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"The Case for Killing Granny"

And you thought Death Panels was so last month. The debate over end of life costs is back at the fore this month in an interesting article in Newsweek, called "The Case for Killing Granny."

"My mother wanted to die, but the doctors wouldn't let her," the story begins.

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Beyond the provocative headline (it doesn't really advocate for offing anyone's grandma) it gets at the heart of what it calls a crucial issue facing lawmakers as they try to overhaul the health care system. "The need to spend less money on the elderly at the end of life is the elephant in the room in the health-reform debate."

It's time, the author says, to finally have a discussion about dying, something American's are terrified of.

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The article makes the case that the root of uncontrolled soaring health care costs is the money spent to keep very sick, very old people alive. Doctors are encouraged to order more tests and keep treating people because of how they are paid -- by each procedure, test and doctors visit. And this fee-for-service model does not result in better quality care, the article concludes. This argument is nothing new -- articles on health care are talking about it every day.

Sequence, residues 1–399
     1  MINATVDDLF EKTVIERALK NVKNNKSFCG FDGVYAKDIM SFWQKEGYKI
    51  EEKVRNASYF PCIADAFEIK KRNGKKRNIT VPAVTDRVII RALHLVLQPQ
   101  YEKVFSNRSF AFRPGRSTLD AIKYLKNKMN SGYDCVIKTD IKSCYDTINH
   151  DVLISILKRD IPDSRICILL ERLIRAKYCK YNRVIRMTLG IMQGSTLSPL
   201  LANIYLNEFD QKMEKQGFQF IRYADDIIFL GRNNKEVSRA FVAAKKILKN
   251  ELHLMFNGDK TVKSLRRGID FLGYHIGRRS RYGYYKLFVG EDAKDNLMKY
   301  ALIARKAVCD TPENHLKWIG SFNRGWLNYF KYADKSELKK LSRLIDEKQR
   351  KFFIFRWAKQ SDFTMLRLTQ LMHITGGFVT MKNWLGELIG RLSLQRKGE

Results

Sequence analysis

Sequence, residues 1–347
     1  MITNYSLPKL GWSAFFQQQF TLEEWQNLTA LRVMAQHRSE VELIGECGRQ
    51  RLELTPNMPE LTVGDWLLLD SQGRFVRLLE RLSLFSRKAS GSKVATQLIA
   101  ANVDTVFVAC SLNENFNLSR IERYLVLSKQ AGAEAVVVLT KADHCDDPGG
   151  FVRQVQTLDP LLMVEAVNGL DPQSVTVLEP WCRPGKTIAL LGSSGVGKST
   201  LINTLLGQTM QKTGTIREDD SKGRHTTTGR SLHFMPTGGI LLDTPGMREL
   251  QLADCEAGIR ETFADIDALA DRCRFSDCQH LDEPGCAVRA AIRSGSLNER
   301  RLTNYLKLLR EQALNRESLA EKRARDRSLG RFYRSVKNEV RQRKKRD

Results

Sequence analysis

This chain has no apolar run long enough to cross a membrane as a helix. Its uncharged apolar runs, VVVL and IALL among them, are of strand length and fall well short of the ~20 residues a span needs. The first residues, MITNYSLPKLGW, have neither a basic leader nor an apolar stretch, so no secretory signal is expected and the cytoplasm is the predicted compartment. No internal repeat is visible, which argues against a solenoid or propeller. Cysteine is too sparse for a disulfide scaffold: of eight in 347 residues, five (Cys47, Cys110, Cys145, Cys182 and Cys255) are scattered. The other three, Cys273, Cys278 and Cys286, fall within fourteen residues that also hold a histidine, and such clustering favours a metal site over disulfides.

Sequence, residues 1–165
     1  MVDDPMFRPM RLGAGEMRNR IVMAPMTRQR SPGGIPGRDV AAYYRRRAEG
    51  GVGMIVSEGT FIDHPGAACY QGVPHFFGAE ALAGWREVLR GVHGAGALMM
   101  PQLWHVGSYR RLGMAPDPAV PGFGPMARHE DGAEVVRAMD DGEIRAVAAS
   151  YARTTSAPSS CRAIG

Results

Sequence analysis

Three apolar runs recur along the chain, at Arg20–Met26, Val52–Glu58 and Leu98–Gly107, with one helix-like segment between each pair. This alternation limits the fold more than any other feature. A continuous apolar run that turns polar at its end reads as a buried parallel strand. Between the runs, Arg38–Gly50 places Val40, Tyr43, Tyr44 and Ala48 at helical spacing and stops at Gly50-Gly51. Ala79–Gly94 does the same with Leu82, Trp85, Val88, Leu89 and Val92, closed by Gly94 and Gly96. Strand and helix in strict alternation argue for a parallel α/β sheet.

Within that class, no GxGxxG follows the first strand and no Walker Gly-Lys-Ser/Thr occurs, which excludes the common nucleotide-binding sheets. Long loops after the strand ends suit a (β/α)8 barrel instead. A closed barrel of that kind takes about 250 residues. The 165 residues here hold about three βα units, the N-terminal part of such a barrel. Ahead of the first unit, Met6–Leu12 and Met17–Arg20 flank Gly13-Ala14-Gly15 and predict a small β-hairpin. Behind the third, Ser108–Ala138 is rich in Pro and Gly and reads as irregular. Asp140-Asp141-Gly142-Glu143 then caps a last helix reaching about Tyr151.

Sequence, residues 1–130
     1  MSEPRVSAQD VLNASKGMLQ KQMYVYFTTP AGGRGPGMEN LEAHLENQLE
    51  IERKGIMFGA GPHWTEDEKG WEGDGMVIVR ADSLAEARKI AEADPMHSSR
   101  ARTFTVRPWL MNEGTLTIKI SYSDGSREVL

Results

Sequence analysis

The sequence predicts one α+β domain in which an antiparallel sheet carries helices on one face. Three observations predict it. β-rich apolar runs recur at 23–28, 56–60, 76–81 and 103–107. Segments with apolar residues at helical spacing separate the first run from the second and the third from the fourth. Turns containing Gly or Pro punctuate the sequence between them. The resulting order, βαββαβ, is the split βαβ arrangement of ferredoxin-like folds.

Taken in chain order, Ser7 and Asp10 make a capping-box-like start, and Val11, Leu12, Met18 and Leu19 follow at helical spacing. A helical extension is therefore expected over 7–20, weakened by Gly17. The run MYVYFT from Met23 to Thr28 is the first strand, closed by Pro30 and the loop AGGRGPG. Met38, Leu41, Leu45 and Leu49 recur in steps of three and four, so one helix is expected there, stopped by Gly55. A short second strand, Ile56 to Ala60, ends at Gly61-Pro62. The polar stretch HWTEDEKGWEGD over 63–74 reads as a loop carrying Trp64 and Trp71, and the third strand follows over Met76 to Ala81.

But what I found most interesting was the discussion near the article's end about the philosophical aspect of health care. People go to the doctor "to try to make themselves feel better, even if the doctor is not doing much physically to heal what ails them" the article states.

The story discusses a program in Massachusetts is trying to change that reliance on health care, by assigning nurses to the sickest and costliest patients, giving them basic care before deciding if a doctors visit is really necessary. The program cut costs by 5 percent.

Talking to the elderly about end-of-life issues is critical and could actually reduce costs, the article  says. Most of all, the article argues, that sometimes, after a long battle with illness, a patient wants to die -- quietly and with dignity.

The article reminds me of another really well-done piece by the NYT last month about the challenges facing palliative care doctors -- a growing specialty in which physicians are trained to deal solely with end of life issues.

Beyond health care reform and dollars and cents, these pieces beg many moral, legal and philosphical question of how our society deals with death and dying.


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